went all the way on foot straight to Exeter. He cleverly found a way to get into her

private apartments; then greeted the princess and told her her lover had come back. He

found her sad and hopeless, but when she hears the news she breaks down and begins

to cry, then kisses and kisses the page. He told her she must leave with him that

evening; and they spend the whole day planning their escape in every detail.

When night had come, they stole cautiously out of the city alone together. They were

terrified someone might see them. She wore a silk dress delicately embroidered in gold

and a short cloak.

8 The Old French says that he reconciled the enemy (to the king).


About a bowshot from the city gate there was a copse enclosed in a fine garden. Eliduc,

who had come to fetch her, waited under the hedge. The page led her to the place.

Eliduc sprang down from his horse and kissed her: such joy to meet again. He helped

her onto a horse, then mounted his own and took her bridle. They rode quickly away,

back to the port of Totnes, and boarded the ship at once: no other passengers but

Eliduc’s men and his beloved Guilliadun. They had favorable winds and settled weather,

but when they came near the coast of Brittany they ran into a storm. A contrary wind

drove them out away from the harbor. Then the mast split and broke, and they lost all

the sails. They prayed in despair—to God, to St. Nicholas and St. Clement—to Our Lady,

that she might invoke Christ’s protection for them, save them from drowning and bring

them to land. Backward and forward they were driven along the coast, the storm raging

around them. One of the sailors began to shout.

“What are we doing? My lord, it’s the girl you’ve brought aboard who’s going to

drown us all. We’ll never reach land. You have a proper wife at home. But now you

want another woman. It’s against God and the law. Against all decency and religion. So

let’s throw her in the sea, and save our skins.”

Eliduc hears what the man cries, and nearly goes berserk.

“You son of a whore, you fiend, you rat—shut your mouth! If she goes into the

sea, I’ll make you pay for it!”

He held Guilliadun in his arms, gave her what comfort he could. She was seasick,

and riven by what she’d just heard: that her lover had a wife at home. She fainted and

fell to the deck, deathly pale; and stayed like that, without breath or sign of

consciousness. Eliduc knew she was only there because of him, and sincerely thought

she was dead. He was in agony. He stood up and rushed at the sailor and struck him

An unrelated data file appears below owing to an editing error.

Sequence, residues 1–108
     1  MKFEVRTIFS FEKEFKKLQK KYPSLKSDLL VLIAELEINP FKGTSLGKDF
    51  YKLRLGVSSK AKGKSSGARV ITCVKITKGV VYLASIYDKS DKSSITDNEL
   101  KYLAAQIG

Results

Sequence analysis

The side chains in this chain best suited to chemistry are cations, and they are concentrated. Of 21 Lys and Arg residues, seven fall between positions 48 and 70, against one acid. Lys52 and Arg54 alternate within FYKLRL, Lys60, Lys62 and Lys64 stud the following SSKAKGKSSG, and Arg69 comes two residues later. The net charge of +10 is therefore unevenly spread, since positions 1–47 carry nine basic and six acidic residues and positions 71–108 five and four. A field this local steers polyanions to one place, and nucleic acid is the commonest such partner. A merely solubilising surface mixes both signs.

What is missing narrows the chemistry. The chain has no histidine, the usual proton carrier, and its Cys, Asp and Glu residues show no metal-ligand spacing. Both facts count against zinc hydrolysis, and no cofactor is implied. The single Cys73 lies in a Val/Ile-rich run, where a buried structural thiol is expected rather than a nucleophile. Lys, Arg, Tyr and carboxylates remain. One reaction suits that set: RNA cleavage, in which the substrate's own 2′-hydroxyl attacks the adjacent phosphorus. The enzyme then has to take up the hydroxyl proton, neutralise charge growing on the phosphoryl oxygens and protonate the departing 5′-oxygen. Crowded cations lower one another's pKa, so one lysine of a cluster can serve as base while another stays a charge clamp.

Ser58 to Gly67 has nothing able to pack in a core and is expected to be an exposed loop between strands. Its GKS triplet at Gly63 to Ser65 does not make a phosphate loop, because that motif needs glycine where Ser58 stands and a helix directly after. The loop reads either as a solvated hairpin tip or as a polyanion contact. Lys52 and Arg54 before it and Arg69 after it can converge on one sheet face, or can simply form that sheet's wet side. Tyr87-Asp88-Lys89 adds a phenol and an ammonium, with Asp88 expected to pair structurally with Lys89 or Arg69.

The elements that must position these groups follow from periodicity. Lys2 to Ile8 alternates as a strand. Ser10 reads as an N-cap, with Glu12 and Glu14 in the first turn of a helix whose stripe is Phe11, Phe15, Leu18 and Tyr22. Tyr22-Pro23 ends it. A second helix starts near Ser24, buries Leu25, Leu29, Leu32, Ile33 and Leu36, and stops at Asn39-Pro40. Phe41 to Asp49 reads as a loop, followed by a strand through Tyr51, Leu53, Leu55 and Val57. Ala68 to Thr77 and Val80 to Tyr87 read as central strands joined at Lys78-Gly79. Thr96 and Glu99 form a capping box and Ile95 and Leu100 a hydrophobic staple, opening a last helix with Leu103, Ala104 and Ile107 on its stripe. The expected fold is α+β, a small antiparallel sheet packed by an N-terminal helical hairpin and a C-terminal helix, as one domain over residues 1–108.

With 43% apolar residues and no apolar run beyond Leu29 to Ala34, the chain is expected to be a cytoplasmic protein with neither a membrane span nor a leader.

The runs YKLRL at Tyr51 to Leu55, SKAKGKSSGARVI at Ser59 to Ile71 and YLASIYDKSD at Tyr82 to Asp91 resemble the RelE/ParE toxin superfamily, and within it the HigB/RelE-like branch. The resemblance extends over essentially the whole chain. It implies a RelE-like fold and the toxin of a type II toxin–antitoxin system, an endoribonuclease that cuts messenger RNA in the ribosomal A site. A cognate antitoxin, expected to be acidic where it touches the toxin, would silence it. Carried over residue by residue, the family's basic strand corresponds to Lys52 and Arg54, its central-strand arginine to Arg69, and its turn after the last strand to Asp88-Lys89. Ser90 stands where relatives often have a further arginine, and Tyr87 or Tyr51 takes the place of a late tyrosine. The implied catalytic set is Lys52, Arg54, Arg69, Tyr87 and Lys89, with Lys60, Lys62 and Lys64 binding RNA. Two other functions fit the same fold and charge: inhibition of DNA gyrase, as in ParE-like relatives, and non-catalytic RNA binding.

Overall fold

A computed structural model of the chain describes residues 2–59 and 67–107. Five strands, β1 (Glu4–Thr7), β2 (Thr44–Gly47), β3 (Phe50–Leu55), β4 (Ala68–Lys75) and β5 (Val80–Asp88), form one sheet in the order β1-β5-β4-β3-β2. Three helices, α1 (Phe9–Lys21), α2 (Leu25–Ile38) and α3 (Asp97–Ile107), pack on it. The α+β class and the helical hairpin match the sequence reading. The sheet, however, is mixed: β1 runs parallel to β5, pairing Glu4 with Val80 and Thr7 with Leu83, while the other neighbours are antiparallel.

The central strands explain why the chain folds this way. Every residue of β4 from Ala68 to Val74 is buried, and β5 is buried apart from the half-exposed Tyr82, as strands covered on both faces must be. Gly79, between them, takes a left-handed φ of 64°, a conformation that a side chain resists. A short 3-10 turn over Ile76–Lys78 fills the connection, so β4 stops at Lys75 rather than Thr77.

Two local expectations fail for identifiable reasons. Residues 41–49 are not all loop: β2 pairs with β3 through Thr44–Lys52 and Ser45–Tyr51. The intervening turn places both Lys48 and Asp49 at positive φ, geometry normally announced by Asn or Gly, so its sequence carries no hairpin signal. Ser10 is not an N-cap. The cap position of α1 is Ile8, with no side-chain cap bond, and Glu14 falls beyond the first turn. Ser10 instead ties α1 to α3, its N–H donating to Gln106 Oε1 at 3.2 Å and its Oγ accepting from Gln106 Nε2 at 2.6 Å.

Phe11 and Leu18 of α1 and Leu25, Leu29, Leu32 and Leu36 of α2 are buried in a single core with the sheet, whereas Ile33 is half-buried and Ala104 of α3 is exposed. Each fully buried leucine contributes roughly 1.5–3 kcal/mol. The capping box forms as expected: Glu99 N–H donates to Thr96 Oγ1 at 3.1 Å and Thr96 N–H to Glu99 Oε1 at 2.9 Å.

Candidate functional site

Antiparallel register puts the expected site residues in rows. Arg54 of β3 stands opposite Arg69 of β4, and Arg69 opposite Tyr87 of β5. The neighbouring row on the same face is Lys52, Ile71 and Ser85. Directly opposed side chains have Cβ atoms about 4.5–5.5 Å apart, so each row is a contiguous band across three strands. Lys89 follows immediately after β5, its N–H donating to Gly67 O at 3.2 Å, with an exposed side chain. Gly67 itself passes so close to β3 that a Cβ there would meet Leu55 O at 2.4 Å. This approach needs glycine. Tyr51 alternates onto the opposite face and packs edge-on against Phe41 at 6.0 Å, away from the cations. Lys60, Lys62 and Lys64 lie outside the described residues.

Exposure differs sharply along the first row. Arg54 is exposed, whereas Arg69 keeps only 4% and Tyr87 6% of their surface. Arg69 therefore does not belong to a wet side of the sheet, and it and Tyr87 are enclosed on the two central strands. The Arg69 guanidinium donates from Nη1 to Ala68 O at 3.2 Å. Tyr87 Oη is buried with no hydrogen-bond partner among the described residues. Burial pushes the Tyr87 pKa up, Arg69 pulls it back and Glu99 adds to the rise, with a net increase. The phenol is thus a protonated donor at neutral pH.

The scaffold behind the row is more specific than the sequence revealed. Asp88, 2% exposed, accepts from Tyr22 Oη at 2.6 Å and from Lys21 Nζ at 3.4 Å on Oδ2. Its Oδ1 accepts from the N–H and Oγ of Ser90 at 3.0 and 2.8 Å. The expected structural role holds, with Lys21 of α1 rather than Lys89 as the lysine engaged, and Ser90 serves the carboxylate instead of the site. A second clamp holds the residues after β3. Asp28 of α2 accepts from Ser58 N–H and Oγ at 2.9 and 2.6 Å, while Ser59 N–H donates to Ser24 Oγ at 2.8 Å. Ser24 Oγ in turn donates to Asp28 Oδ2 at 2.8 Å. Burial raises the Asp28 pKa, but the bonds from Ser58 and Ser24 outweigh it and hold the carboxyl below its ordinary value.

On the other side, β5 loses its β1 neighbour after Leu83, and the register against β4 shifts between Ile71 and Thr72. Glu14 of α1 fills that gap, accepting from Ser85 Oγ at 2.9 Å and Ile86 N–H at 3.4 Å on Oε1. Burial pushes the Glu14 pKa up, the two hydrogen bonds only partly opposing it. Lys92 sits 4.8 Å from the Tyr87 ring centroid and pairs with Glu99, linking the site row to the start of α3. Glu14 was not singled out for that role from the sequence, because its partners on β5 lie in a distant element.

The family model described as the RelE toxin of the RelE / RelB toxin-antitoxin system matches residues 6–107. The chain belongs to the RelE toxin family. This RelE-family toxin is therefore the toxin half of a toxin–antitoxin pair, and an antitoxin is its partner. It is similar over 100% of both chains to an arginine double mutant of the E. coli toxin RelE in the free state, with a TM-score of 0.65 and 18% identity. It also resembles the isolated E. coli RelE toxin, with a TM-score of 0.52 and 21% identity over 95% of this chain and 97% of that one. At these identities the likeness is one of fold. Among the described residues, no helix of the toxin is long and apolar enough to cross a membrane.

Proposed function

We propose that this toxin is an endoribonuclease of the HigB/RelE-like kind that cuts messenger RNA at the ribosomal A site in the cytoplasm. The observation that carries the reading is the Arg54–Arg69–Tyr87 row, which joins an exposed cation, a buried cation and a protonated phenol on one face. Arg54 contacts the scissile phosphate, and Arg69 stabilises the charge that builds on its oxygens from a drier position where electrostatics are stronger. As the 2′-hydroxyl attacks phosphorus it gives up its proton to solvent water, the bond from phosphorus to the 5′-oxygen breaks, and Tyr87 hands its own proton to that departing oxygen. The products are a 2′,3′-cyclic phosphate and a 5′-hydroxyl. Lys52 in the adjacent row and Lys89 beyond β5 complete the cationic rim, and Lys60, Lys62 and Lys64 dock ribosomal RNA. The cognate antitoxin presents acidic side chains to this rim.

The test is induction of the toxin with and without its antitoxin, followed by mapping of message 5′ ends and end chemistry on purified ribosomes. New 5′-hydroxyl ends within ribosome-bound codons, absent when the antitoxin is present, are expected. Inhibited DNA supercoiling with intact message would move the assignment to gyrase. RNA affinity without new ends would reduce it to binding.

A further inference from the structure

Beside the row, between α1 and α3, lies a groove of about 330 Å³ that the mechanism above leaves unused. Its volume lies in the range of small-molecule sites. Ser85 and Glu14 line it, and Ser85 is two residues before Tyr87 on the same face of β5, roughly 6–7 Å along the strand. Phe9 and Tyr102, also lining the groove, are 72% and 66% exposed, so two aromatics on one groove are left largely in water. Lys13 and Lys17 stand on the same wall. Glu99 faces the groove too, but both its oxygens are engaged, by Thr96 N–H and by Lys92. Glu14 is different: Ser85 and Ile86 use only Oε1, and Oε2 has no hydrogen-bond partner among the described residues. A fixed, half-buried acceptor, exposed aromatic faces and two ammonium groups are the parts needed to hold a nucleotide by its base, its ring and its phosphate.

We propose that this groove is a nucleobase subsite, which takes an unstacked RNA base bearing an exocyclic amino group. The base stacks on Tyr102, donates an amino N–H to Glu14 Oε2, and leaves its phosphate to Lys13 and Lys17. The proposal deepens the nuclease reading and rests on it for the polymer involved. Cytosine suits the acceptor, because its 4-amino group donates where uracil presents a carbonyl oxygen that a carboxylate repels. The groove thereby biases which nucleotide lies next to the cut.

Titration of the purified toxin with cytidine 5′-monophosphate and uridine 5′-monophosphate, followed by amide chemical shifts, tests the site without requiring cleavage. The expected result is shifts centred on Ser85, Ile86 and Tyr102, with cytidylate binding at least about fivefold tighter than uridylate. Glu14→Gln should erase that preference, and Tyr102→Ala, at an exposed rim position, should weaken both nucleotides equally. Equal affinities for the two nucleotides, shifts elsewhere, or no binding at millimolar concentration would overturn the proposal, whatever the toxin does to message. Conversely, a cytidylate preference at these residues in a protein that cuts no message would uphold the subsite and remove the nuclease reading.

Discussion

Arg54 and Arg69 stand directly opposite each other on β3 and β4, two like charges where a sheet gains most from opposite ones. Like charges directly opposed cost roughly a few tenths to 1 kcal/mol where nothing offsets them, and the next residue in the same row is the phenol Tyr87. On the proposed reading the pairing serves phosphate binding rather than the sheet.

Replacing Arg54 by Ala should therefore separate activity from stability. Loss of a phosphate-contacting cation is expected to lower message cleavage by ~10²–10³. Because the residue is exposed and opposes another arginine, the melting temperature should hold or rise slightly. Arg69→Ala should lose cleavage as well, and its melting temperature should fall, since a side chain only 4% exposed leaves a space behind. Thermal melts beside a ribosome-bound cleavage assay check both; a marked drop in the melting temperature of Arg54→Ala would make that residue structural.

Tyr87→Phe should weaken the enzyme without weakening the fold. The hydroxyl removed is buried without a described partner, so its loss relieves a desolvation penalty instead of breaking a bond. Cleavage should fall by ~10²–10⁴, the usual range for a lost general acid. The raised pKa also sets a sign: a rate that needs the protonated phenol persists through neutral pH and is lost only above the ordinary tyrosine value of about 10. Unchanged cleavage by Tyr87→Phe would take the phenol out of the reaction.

down with an oar. The man collapsed to the deck and Eliduc kicked the body over the

side, where the waves took it away. As soon as he had done that, he went to the helm.

There he steered and held the ship so well that they came to the harbor and land.

When they were safely in, he cast anchor and had the gangway let down. Still Guilliadun


lay unconscious, her only appearance that of death. Eliduc wept without stop—if he

had had his way, he would have been dead with her. He asked his companions their

advice, where he could carry her. He refused to leave her side until she was buried with

every honor and full ritual, and laid to rest in holy ground. She was a king’s daughter, it

was her due. But his men were at a loss and could suggest nothing. Eliduc began to

think for himself. His own house was not far from the sea, not a day’s ride away. There

was a forest around it, some thirty miles across. A saintly hermit had lived there for

forty years and had a chapel. Eliduc had often spoken with him.

I’ll take her there, Eliduc said to himself, I’ll bury her in his chapel. Then bestow

land and found an abbey or a monastery. Nuns or canons, who can pray for her every

day, may God have mercy on her soul.

He had horses brought and ordered everyone to mount, then made them

promise they would never betray him. He carried Guilliadun’s body in front of him, on

his own horse. They took the most direct road and soon entered the forest. At last they

came to the chapel, and called and knocked. But no voice answered and the door

stayed closed. Eliduc made one of his men climb in and open it. They found a fresh

tomb: the pure and saintly hermit had died that previous week. They stood there sad

and dismayed. The men wanted to prepare the grave in which Eliduc must leave